4. Gradually, add approx. another 4 C of flour. The dough should stick together but not be too stiff. Optionally, you may add raisins, sunflower seeds, chopped nuts, cinnamon, or chopped onion and various herbs such as basil and sage, or whatever sounds like a good bread ingredient. You may also substitute soy, rye, oat, or other flour or meal for 1 to 2 C of the whole wheat flour.
  5. Knead the dough about 10 min until it becomes elastic.
  6. Coat the dough lightly with oil and place in an oiled bowl. Cover with a damp (clean) cloth or kitchen towel (not terry cloth). Allow to rise in a warm place (a gas oven that’s turned off is good) for about one hour until doubled in size.
  7. If not already done, coat the loaf pans/cookie sheet with oil and dust with flour.
  8. “Punch down” the dough (deflate it somewhat), and form into two loaves. Place into the loaf pans or form round loaves on the cookie sheet.
  9. Cover lightly with the towel and let rise until double again (maybe another hour although it shouldn’t take as long this time).
  10. Bake at 350° F for about ½ to 1 hr or until done (check it after ½ to ¾ hr). Signs of doneness are a) if the sides have shrunken away from the pan and the crust is browned and b) when you turn it out of the pan and tap on the bottom, it sounds “hollow.” If not, put it back in the pan and back into the oven for a while. Baking time may vary depending on a number of factors.
  11. Turn the bread out onto a wire rack to cool. To keep for more than a day or two, store in the refrigerator in a plastic bag. May be frozen.

Variations: You may add from 1 to 2 C up to not more than half the total of a different kind(s) of flour. Unbleached white flour has a lot less nutrients, so will make a lighter-colored, higher-rising bread but lower in vitamins and fiber. Rye bread can be made by adding up to half rye flour and some caraway seeds. A couple tablespoons of unsweetened cocoa and instant coffee will make it dark like pumpernickel (using molasses in place of honey will help darken it, too). A cup of soy flour plus a cup of wheat germ will increase the protein content of the bread. Instead of loaves, you could braid the bread by forming three strands and braiding them (bake on cookie sheet). Dinner rolls could be made by forming into small balls and baking on a cookie sheet or in muffin tins (will not take as long to bake). Cinnamon bread can be made by, after punching down the dough, rolling or patting it out into two rectangles. Each rectangle should then be sprinkled with powdered cinnamon, and optional raisins and/or chopped nuts. Then, starting at one end, roll up the rectangle to form a loaf, and place in a loaf pan to bake. After baking, when the bread is sliced, the slices will have a spiral of cinnamon in them.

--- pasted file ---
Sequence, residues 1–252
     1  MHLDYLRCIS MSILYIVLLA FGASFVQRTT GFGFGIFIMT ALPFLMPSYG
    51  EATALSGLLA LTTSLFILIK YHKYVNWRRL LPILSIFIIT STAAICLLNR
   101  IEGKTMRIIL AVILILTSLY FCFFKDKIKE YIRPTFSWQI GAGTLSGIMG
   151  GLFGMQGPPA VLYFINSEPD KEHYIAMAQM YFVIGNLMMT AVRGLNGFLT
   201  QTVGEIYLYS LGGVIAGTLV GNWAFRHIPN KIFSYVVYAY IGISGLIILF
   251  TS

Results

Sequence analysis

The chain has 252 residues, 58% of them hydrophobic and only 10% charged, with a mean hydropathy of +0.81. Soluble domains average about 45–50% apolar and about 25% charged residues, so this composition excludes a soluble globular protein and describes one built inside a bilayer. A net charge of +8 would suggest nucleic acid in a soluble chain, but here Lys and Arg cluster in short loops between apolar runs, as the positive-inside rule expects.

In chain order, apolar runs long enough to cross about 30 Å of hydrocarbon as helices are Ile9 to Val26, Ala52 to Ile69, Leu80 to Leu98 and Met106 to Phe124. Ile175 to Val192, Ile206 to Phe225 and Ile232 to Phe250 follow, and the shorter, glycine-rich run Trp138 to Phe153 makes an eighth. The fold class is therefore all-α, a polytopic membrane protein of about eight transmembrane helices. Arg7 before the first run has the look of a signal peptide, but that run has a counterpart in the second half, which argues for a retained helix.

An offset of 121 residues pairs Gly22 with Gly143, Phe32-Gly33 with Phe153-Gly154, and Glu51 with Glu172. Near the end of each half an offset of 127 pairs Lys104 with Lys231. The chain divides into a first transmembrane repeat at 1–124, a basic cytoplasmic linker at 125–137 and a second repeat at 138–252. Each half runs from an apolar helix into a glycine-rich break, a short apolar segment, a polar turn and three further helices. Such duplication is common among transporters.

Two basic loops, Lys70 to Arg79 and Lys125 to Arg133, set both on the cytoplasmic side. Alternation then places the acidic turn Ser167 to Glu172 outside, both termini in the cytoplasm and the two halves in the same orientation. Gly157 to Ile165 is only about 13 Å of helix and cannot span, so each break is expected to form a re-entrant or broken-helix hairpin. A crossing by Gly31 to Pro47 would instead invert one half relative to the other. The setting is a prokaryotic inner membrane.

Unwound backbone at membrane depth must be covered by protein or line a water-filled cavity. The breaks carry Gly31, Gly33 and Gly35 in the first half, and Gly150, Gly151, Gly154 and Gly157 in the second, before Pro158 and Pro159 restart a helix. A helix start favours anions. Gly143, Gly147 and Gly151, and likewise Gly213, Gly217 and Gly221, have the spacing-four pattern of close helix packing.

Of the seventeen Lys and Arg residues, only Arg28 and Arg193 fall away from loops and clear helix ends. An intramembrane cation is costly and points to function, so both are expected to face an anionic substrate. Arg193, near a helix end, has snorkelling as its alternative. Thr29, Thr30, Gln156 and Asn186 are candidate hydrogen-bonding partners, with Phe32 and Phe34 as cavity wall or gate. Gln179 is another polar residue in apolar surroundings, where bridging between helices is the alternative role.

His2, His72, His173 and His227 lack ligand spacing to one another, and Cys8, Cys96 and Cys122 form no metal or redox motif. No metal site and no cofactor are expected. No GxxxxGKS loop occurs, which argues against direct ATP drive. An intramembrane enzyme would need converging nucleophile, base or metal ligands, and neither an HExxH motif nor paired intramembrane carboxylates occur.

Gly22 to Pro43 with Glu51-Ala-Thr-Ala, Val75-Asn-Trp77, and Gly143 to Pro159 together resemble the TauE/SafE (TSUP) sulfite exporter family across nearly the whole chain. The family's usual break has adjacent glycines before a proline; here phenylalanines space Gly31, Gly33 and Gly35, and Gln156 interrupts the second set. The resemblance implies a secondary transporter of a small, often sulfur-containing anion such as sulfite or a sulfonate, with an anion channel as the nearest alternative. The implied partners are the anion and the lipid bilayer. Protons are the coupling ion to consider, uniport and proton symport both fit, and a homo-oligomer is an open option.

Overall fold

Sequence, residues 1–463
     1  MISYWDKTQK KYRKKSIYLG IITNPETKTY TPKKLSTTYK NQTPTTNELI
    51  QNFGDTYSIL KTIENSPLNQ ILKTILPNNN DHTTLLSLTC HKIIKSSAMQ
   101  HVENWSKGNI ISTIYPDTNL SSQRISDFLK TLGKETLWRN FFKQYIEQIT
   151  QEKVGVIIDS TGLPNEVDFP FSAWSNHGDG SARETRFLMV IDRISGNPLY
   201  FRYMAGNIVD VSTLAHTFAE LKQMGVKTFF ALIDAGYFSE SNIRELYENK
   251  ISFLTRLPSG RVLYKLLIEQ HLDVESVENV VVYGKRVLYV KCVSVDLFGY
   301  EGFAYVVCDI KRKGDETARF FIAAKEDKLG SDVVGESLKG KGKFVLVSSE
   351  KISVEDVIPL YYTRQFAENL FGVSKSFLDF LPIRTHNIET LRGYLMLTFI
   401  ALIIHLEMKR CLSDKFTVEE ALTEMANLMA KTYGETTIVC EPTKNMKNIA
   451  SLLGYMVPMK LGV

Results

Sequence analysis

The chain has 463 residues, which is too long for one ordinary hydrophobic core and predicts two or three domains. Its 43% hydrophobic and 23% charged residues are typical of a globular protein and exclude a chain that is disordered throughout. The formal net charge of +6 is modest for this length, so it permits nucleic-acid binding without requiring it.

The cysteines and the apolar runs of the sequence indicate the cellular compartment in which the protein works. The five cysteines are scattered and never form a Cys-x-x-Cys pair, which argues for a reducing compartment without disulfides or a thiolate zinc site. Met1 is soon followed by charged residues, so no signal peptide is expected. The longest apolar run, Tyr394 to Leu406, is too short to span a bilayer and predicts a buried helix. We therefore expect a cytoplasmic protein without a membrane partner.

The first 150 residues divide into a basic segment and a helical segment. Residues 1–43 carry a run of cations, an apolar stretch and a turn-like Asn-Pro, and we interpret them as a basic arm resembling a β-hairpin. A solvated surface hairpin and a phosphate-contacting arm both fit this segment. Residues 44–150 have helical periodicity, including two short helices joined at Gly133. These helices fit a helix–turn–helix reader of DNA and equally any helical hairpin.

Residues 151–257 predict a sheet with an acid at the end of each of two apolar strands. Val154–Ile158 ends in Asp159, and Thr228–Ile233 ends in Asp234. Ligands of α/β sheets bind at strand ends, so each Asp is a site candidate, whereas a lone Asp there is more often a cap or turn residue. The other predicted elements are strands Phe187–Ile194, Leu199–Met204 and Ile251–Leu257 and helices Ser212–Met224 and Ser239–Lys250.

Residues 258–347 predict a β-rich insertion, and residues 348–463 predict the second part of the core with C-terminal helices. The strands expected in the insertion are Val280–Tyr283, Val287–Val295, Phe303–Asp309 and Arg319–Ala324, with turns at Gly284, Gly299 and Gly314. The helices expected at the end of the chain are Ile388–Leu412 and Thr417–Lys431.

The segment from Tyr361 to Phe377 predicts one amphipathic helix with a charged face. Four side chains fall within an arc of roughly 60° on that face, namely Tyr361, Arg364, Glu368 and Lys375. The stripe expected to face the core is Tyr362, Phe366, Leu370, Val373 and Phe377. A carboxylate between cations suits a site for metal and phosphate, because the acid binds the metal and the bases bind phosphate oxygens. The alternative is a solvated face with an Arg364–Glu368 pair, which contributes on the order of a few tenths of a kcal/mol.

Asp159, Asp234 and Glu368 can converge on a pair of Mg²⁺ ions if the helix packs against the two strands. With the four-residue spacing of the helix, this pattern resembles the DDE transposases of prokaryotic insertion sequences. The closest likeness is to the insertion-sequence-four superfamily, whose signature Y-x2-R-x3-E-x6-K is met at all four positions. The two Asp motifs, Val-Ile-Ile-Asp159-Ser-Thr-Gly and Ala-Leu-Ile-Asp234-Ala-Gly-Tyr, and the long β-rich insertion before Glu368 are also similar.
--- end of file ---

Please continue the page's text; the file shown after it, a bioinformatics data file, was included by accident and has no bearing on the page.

popcorn In the past, a Biology lab tradition has been lab brew accompanied by popcorn seasoned with Fankhauser popcorn seasoning. As time allows, we may still be able to sample the popcorn.

Fankhauser Popcorn Seasoning Ingredients

Note: Larger batches may be made by using the same proportions of ingredients (like 4 C + 2 C + 1 C, etc.).

Mix thoroughly (in blender if the yeast is in flakes). Store in a tightly-sealed jar.

To Make a Batch of Popcorn

  1. Place about 2 T (walnut-sized piece) of coconut oil into a heavy pot and place the pot on the largest burner on the stove. Turn the burner on high.
  2. When the oil is melted and hot (a corn kernel will sizzle), add 400 mL corn kernels and cover. Shake until all the corn is popped.
  3. Pour the popped corn into a clean paper grocery sack (with top turned over twice to stiffen it).
  4. While shaking the bag to stir and mix, slowly drizzle on 30 to 40 mL of a 1:1 butter/oil mixture (provides butter flavor with less cholesterol). Then, dust with 30 to 40 mL of seasoning mixture.

In this popcorn, the brewer’s yeast provides a number of the B vitamins. Kelp provides iodine, needed by your thyroid gland. The kelp, brewer’s yeast, and popcorn are complementary protein sources, thus form a complete protein when combined. By mixing the butter 50:50 with vegetable oil, it is possible to have the good buttery taste, yet reduce the amount of cholesterol (cholesterol is found only in animal products, thus would be in the butter, but not vegetable oil).

Other Things to Include in Your Notebook

Make sure you have all of the following in your lab notebook:

Copyright © 2010 by J. Stein Carter. All rights reserved.
Based on printed protocol Copyright © 1982 D. B. Fankhauser
and © 1988 J. L. Stein Carter.
This page has been accessed Counter times since 18 Dec 2010.